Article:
As of September 2017, there were 121 children (63 girls) living with their mother in prison; there were 46 pregnant convicted women all over the country as of January 2017.

The RGC made all efforts to ensure that children accompanying their mother in prison are protected. The RGC recognizes that there are more to be done to take good care of children accompanying their mother in prison and to minimize the impacts stemming from the situation in case it is inevitable.

VIII.Disabilities, basic health and welfare


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89.MoEYS adopted the NAP on Non-Formal Education 2008–2015 aiming at developing the human resource so as to contribute to the realization of the Education for All goals.

The Law on the Protection and the Promotion of the Rights of Persons with Disabilities was adopted in 2009 with the following objectives:

1.To protect the rights, freedoms and interests of persons with disabilities;

2.To prevent, reduce and eliminate discrimination against persons with disabilities;

3.To provide physical, mental and vocational rehabilitation in order to ensure that persons with disabilities are able to fully and equally participate in activities within society.

The RGC established the National Disability Strategic Plan (NDSP) 2014–2018 to increase the attention on women and children with disabilities so as they receive equal and full rights and fundamental freedom.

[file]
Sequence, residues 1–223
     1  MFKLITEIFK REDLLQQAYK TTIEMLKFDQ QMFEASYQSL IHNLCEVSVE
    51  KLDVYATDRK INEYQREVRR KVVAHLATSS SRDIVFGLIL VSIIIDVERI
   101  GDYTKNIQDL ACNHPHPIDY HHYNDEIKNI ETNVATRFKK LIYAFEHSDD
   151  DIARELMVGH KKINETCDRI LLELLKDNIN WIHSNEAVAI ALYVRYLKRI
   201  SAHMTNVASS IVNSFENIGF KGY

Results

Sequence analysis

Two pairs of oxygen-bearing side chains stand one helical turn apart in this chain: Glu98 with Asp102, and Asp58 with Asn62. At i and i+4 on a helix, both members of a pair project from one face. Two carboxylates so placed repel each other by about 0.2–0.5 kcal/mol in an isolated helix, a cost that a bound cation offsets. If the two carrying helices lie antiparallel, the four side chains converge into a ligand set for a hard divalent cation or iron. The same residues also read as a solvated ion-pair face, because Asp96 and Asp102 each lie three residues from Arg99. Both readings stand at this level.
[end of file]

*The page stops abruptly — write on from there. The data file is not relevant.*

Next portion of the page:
The RGC Sub-Decree No. 108 dated 30 August 2010 on Determining the Rate and Formality of Recruitment of PwDs provides that:

•Ministries, State entities which employ from 50 upward of civil servants shall has person with disabilities with qualifications and task responsibilities according to the type of career in the rate of 2% of total of civil servants.

•Legal Entities which employs from 100 workers upward shall has person with disabilities with career qualifications and task responsibilities according to the type of career in the rate of 1% of total of workers.

•Ministries, State entities and Legal entities which employ civil servants and workers less than the amount set above shall be encouraged to employ person with disabilities.

The Disability Action Council (DAC) is now implementing the Disability Rights Initiatives in Cambodia (DRIC) project with the long term goal to improve quality of life for persons with disabilities in Cambodia. The PwDs have more opportunities to participate in social, economic, cultural and political life through effective implementation of the NDSP 2014–2018.

A.Data on children with disabilities

90.Cambodia is in the process to develop a database on Children with Disabilities (CwD) and Ministry of Planning (MoP) conducts regular census. The 2013 Cambodia inter-censal population survey of NIS, MoP found that 2.06% of Cambodians have disabilities (a total of 301,629 persons, of whom 52.05% are men); there are more PwDs in rural areas than in urban areas, mostly, in the Kampong Chhnang and Kampong Thom province. Of all PwDs, 10.63% are children under 15 years old, which equal to 29.4% of all children of that age. For detailed information on disability disaggregated by age, sex, kind of disability and education, please see Appendix IV– Disability.

B.Adoption of policy for early screening, identification, early intervention and prevention

91.A interministerial Prakas between MoSVY and MoH defines Criteria and Degree of Disabilities, and MoH NAP related to the early identification and prevention of disability have been created.

Please see also points No. 43, 44 and 100 of this report.

C.Provision of basic services for CWD with the responsibilities of the state

92.Between 2012 and 2016, hundreds of deaf-mute, blind and low intellect children have learnt braille through learning programs of NGO partners. MoI has printed Book on Guidelines on Inclusion of Disabilities into the Governance of the Sub-national Administration.